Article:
Total Laboratory Automation: What Is Gained, What Is Lost, and Who Can Afford It?

Richard B. Thomson, Erin McElvania

Research output: Contribution to journalReview articlepeer-review

14 Scopus citations


The first clinical microbiology laboratory in the United States adopted total automation for bacteriology processing in 2014. Since then, others have followed with installation of either the BD Kiestra TLA or the Copan WASPLab. This article discusses commercially available automated systems in the United States; why automation is needed; and quality improvements, efficiency, and cost savings associated with automation. After learning how these systems are used, gains and losses experienced, and how one can afford the most expensive equipment ever purchased for clinical microbiology laboratories, the question is, how can one afford not to purchase one of these microbiology automation systems?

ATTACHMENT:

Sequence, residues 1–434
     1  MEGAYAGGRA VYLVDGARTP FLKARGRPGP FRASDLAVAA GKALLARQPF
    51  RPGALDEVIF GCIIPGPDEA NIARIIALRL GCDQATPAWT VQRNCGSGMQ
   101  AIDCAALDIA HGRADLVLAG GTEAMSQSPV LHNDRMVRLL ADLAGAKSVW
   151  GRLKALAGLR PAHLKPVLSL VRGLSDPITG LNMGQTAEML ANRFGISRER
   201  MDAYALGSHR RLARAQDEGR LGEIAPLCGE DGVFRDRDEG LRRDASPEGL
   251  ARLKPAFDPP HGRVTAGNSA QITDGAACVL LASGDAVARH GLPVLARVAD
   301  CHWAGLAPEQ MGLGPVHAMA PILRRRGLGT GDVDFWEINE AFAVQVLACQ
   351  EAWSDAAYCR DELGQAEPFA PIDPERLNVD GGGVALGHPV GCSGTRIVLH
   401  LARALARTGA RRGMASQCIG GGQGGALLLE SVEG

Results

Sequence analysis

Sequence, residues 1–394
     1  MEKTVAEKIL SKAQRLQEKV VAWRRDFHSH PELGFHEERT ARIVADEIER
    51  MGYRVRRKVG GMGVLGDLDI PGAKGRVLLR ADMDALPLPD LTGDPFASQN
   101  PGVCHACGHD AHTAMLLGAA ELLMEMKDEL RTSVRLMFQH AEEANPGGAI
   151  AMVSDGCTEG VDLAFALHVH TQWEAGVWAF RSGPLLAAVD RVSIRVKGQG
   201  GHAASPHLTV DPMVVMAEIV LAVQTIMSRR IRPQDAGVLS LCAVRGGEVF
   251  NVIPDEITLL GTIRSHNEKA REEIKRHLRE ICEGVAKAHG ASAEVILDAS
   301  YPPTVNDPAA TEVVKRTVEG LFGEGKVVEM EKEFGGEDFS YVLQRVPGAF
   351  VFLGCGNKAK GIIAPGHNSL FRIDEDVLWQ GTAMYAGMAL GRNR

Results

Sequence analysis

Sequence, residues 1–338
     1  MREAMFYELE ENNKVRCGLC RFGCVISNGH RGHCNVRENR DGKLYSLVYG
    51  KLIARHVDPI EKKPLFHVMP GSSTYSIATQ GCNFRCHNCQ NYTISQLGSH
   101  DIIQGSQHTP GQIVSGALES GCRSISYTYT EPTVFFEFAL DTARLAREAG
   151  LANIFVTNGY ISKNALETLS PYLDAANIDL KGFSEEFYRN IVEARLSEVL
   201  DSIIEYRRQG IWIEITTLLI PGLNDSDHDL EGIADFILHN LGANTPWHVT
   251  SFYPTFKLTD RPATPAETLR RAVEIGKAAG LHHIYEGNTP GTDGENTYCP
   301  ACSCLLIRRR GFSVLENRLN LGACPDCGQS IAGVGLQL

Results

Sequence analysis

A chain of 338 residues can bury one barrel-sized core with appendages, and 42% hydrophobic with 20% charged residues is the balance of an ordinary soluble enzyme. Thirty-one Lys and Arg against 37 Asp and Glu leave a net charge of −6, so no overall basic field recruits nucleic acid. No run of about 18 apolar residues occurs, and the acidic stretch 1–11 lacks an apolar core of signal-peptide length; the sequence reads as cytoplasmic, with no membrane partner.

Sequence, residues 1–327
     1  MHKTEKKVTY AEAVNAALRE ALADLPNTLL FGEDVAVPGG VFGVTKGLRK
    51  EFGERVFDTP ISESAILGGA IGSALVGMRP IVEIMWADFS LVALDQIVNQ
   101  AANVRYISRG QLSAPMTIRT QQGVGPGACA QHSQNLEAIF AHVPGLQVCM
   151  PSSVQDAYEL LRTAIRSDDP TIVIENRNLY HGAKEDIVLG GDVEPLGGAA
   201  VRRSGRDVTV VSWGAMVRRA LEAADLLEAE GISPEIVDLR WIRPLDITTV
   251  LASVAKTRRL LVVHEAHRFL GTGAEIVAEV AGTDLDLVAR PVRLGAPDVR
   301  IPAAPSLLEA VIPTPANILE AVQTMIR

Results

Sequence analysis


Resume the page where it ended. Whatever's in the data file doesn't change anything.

Original languageEnglish (US)
Pages (from-to)371-389
Number of pages19
JournalClinics in laboratory medicine
Issue number3
StatePublished - Sep 2019
Externally publishedYes


  • BD Kiestra TLA
  • Copan WASPLab
  • Microbiology automation
  • Microbiology cost savings
  • Microbiology efficiency
  • Microbiology quality

ASJC Scopus subject areas

  • Clinical Biochemistry
  • Biochemistry, medical


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